6 years ago
It’s not often to find a true rags-to-riches story in sports. Rarely does a team that epitomizes an underdog actually pull off the upset, go undefeated or win a championship.
But in its first year of competitive existence, the UTD rugby team did all of the above.
The club completed a season-long clean sweep of its opponents as it won the Texas Rugby Union Division 3 Championship on Feb. 25 on its home field. After falling behind 10-0 in the first half, UTD held off UT San Antonio in the second half to come away with a 15-10 victory and earn the school’s first championship.
UTD will head north to play against Wayne State (Neb.) on April 14 for a shot at the Pacific West Regional Championship and one of four spots in the national championship tournament in Colorado.
Just one year ago, UTD rugby didn’t have a home field, and the school didn’t own a set of goal posts. In fact, the team didn’t have a roster large enough to field a team.
“Half the time we were on the recreational baseball fields,” Nathan Sohadaseni, the team’s captain, said.
The rugby club’s quest to compile a side large enough to compete against other schools began in fall 2010 when it consisted of only six or seven players, not enough to make up half of one team. Sohadaseni inherited the club’s presidency the next spring, and set out to recruit as many players as he could, regardless of whether they had ever played the game before. He targeted former football players, but welcomed anyone interested in learning.
“It was difficult,” he said. “Sure we’d recruit people, but they’d come out and see there are only six or seven people and then maybe they wouldn’t come back the next time.”
He kept recruiting through the summer, and as many as 45 players showed up to the first official practice of the school year this past fall, which was surely enough to field a team. In order to join the Texas Rugby Union, or TRU, and compete against other schools, the team needed a coach.
Fortunately, former player and coach Tony Wagner was the TRU collegiate director at the time and planned to retire at year’s end. He’d previously coached at SMU, itself a member of the TRU, for nine years before taking the job as director, and left his post as director to join Sohadaseni and vice president Dominic Prestia at UTD.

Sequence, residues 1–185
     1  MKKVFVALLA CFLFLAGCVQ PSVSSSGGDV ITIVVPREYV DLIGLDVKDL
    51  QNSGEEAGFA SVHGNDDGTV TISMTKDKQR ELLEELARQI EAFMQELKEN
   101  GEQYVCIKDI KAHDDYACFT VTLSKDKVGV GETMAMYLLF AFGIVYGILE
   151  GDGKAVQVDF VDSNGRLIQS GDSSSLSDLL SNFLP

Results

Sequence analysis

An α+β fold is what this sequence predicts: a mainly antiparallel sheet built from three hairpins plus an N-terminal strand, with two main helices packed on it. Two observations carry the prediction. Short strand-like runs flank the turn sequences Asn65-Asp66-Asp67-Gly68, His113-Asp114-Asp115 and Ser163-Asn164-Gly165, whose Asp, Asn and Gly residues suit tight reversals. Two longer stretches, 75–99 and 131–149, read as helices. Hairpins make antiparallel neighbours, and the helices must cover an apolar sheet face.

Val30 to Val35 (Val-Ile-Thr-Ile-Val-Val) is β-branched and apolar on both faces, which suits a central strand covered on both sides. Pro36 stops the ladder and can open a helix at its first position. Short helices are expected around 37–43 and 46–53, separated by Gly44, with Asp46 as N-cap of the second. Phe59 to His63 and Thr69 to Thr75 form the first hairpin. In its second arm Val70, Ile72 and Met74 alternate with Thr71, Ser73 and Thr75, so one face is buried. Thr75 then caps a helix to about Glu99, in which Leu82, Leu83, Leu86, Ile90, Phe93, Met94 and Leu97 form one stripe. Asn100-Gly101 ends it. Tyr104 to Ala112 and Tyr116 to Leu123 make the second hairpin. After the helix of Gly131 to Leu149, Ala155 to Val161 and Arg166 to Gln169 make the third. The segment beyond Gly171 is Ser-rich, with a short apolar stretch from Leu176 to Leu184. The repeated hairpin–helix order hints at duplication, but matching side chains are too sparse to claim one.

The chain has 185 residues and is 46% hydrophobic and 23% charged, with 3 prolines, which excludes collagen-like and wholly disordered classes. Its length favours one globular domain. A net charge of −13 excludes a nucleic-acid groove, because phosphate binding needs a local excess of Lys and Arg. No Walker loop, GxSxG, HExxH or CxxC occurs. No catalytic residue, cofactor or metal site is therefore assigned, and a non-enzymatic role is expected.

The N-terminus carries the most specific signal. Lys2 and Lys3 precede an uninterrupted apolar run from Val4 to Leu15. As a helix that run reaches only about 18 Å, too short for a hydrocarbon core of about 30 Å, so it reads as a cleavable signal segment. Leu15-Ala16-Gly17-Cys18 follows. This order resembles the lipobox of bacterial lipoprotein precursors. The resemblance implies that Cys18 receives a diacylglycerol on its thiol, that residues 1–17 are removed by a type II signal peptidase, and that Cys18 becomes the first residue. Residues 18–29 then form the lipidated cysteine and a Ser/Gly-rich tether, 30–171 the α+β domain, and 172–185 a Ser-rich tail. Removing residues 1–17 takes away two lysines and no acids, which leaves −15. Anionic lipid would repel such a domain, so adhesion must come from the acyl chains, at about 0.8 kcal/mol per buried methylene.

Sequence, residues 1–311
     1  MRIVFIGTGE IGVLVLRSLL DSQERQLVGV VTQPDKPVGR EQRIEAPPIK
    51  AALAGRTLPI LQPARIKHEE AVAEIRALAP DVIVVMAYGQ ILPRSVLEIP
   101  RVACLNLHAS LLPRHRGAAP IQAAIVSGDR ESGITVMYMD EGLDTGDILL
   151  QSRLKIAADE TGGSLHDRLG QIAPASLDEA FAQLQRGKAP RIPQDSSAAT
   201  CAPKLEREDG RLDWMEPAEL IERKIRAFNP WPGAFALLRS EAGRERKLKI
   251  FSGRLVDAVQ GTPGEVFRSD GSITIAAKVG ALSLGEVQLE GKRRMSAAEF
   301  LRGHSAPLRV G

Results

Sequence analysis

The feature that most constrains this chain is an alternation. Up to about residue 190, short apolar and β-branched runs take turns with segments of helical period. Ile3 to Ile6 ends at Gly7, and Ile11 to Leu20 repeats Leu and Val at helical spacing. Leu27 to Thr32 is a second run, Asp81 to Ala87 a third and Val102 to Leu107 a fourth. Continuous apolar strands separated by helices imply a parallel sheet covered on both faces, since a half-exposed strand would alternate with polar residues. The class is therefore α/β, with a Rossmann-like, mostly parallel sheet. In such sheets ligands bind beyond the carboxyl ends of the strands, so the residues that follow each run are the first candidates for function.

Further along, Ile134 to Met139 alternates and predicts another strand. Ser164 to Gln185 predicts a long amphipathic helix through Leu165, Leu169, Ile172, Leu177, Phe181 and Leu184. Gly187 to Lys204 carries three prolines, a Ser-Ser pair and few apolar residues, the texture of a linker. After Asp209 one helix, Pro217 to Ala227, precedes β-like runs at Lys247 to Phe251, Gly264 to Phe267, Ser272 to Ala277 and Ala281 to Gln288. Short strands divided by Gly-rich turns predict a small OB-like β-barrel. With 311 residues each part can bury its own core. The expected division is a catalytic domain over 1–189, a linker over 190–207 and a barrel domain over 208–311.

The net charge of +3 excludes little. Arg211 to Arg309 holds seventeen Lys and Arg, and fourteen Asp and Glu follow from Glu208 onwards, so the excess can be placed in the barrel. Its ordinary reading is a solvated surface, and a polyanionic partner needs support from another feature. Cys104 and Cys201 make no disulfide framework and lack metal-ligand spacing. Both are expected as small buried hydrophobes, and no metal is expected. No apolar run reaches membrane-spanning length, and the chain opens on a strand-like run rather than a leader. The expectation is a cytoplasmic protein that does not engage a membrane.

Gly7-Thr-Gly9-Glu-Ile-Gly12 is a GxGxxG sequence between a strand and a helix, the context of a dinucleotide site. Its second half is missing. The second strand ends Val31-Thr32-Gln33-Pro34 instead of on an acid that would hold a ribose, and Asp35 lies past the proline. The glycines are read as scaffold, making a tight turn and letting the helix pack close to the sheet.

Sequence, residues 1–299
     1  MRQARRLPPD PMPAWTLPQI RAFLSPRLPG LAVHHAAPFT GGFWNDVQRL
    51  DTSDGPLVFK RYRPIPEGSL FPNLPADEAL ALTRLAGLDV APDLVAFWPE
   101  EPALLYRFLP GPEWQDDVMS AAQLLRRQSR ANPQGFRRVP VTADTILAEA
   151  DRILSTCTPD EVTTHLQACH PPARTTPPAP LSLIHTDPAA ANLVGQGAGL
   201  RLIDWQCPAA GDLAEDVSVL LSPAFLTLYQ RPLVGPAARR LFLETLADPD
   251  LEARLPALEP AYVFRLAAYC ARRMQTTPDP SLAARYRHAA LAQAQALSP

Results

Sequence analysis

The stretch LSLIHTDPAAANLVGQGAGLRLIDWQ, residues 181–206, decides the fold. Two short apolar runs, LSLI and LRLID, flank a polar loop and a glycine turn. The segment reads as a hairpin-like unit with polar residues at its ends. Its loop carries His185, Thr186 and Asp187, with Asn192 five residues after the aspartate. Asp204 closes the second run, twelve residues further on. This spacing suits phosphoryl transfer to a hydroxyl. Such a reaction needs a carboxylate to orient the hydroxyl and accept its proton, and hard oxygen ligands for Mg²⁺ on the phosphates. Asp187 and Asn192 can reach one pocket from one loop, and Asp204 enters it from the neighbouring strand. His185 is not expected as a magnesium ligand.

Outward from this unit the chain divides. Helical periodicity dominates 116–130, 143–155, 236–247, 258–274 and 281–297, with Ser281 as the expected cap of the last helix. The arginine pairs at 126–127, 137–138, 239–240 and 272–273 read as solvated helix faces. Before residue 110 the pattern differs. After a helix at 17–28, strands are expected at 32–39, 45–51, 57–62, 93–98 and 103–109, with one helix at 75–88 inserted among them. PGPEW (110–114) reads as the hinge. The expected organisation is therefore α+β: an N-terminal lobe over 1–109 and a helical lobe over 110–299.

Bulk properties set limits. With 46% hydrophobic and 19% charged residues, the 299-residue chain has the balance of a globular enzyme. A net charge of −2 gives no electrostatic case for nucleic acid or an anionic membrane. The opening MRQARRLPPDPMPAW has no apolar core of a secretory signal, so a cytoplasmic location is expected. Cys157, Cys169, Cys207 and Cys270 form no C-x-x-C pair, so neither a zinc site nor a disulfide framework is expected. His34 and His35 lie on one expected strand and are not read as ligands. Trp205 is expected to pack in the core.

Wagner taught the players every aspect of the game, including how to pass, run and tackle. With such an inexperienced roster, he had to take it slow.
“The cool thing is no one on the team, including the coach, is ever going to be mad at you for being new,” Sohadaseni said. “You don’t know what you’re doing? It’s okay. You’re going to learn.”
It also just so happened that Sul Ross State, also a member of the TRU, couldn’t fill its roster. So UTD filled the spot, but no one on the team knew whether the roster made up mostly of players with no previous experience would be able to keep up with opposing teams.
“I told (the TRU), ‘we don’t know how competitive we’ll be. We might not even win a game, but we’d love to do it,’” Sohadaseni said.
After a few preseason matches and two tournaments, Sohadaseni was still unsure just how successful the team could be.
“In some of them, we even got stomped. Scores were like 64-5,” he said.
The silver lining was that UTD was playing against schools such as Rice, with much larger, more established programs. Among the losses was a 34-10 defeat at the hands of SMU, Wagner’s former team.
But suddenly, UTD found its rhythm. It took third place in a tournament in San Antonio, and beat Lamar, 34-10, in the team’s first official league game.
“That was a huge moment,” Sohadaseni said. “After that, everyone just kept working hard and we just kept winning.”
UTD scored 51 against Tyler Junior College and 54 against Midwestern State. The club then exacted revenge against SMU in blowout fashion, 74-0, to complete an undefeated regular season and earn the right to host the TRU Championship.
After a 44-5 trouncing of Lamar, UTD played UT San Antonio in the championship match. UTSA jumped out to a quick lead, but UTD scored to go up 15-10 in the second half. UTSA was knocking on the doorstep for the game’s final 10 minutes, though. After a penalty with two minutes left, Sohadaseni and the other defenders watched UTD’s forwards try to win a scrum down to regain possession of the ball and end the game.
“We knew we had to stop them,” he said. “Everyone was exhausted, and everyone had been running 100 percent the entire game. Everyone knew the importance of this game.”
Sohadaseni stood back and could only hope the players he helped train would win possession of the ball, and they did just that. UTSA was called for a penalty after what seemed like an eternity, and UTD kicked the ball out of bounds as time expired. The game was over.
“It was insanity,” Sohadaseni said of the emotion after the final whistle blew. “It was a culmination of everything. It was crazy.”
The club earned the right to play in Neb., and will face Wayne State, one of the top-ranked teams in the country and also undefeated, on April 14. UTD was scheduled to play Rice on March 10 to stay fresh, but the match was cancelled due to weather. The only other chance for a warm-up is on March 24 against Baylor. Sohadaseni said the match would be useful to keep the players sharp and focused.
More important is the camaraderie the team has built. Concentration won’t be an issue.
“Everyone’s friends. We always hang out all the time,” Sohadaseni said. “So whenever anyone starts getting nervous, you just put things in perspective. We’ll be okay.”
At this point, it’s difficult to doubt the team. Sometimes in sports, passion and heart are worth more than experience and funding. This might be one of those cases.